Network Rail Strategic Business Plan Update
The document is not intended to be a full refresh of the 2007 Strategic Business Plan. Instead, it should be read in conjunction with the original plan and the supporting material that was provided with it.
Relevant to Birmingham and the West Midlands is the route plan. This route plan from April supersedes the 1st November 2007 version in the SBP.
The route is bounded to the east and north by the WCML, the west by Shrewsbury and Hereford and the south by Oxford and Worcester.
The importance of the West Midlands to the rail network is underlined in the Route Context statement. "The West Midlands route is the key hub at the centre of the national rail network, with long distance InterCity, Inter-urban rail and Suburban rail services passing through Birmingham".
Current passenger demand
The 2005 Route Utilisation Strategy (RUS)(http://www.wolverhampton.gov.uk/NR/rdonlyres/A5089C51-05E5-4F94-B231-0173992255A3/0/wmrus_final_jul05.pdf) showed that between 1995 and 2004 rail patronage on this route had grown by 44%, compared with the national average of 34%. Work journeys to central Birmingham increased from 12% to 20% between 1991 and 2004 with average annual growth at 3.9% between 1999 and 2004. Since 2004 however growth has increased still further with Centro supported services reporting a 6% growth and the Cross City Line reaching 10% growth for 2006-07. The average growth rate across other services on the route is currently 4.7%.
In the SBP, Network Rail outline how they expect route 17 (the West Midlands area in map above) to see high levels of growth as journey times and performance levels improve. Their strategic direction to help deal with growth will be to lengthen trains and associated platform lengthening. This will also be coupled with re-signalling which they describe as a 'once once-in-35 year cost-effective opportunity to increase capacity'.
The table below shows platforms lengthening required to facilitate this growth.
Most excitingly and reported in the Birmingham Post and Birmingham Mail are what Network Rail terms Long Term Opportunities and Challenges with schemes such as the chords to link the Camp Hill line to Moor Street and allow trains from Coventry and Wolverhampton to use Snow Hill or Moor Street.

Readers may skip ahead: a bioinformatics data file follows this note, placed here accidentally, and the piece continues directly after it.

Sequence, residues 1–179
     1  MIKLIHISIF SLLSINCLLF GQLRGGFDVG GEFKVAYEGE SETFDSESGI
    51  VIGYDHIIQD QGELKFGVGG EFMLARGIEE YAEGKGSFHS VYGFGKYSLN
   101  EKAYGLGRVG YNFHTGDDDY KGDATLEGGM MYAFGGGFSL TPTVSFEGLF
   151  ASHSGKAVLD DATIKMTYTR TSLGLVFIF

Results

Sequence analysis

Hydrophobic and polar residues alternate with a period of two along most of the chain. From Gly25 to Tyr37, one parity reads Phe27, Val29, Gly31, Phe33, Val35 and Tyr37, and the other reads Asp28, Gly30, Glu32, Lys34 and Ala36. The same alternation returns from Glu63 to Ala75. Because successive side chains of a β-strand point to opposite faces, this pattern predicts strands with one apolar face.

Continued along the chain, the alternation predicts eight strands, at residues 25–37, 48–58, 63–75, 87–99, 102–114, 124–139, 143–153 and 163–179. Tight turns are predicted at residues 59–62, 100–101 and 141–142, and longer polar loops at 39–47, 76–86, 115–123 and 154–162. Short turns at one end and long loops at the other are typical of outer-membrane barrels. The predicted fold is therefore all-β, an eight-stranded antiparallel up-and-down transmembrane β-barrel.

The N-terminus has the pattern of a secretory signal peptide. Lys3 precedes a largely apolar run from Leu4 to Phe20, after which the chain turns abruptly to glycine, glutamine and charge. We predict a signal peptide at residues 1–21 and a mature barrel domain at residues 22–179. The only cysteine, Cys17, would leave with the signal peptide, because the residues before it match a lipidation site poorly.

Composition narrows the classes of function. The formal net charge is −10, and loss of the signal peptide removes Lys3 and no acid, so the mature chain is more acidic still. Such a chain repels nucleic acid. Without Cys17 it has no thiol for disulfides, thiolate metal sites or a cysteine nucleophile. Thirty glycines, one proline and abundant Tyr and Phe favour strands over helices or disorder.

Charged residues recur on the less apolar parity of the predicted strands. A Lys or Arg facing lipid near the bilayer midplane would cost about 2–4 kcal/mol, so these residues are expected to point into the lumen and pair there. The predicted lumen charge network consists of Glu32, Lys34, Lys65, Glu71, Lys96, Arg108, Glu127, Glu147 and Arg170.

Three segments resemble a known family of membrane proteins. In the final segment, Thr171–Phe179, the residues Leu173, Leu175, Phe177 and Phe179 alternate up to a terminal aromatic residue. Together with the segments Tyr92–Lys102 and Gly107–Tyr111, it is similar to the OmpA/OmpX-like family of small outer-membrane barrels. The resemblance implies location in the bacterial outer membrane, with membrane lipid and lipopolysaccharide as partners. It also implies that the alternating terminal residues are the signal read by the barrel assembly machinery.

Long term opportunities and challenges
We anticipate that accommodating growth in rail usage in the West Midlands will continue to be a significant challenge on the route, as employment and economic activity in central Birmingham continues to increase. As previously mentioned, the
preferred option to accommodate this increased growth is through longer train formations. However, both additional, and in some cases longer trains, may become more difficult to accommodate at Birmingham New Street.
Recognising this, Centro and Birmingham City Council, with our support, have commissioned a ‘West Midlands Rail Strategy Plan’ that examined possible short to long term capacity opportunities. This plan included the feasibility of developing a
north and south facing chord line that links the Camp Hill lines to Birmingham Moor Street (Snow Hill Lines). It also identified Birmingham Moor Street as a station that offers a low cost opportunity for additional platforms and stabling space to be
provided in the heart of Birmingham. Space exists for up to four eight car platforms to be installed at relatively low cost.
We are working with Centro, local authorities and London Midland on a ‘rail showcase’ project for the Cannock line between Walsall and Rugeley. The aim of this project is to deliver co-ordinated improvements to station facilities, expanded car
parks, longer and more frequent trains. We have additional aspirations to improve infrastructure and increase the line speed from 45 mph to 75 mph, improving performance and significantly reduced journey times. Our overall aspiration is to work with key stakeholders to develop appropriate rail strategies and then apply the process to other corridors.
The possible re-opening of core sections of the route between Round Oak and Walsall and, longer term, Walsall and Brownhills have been identified as routes that will release capacity across the West Midlands area.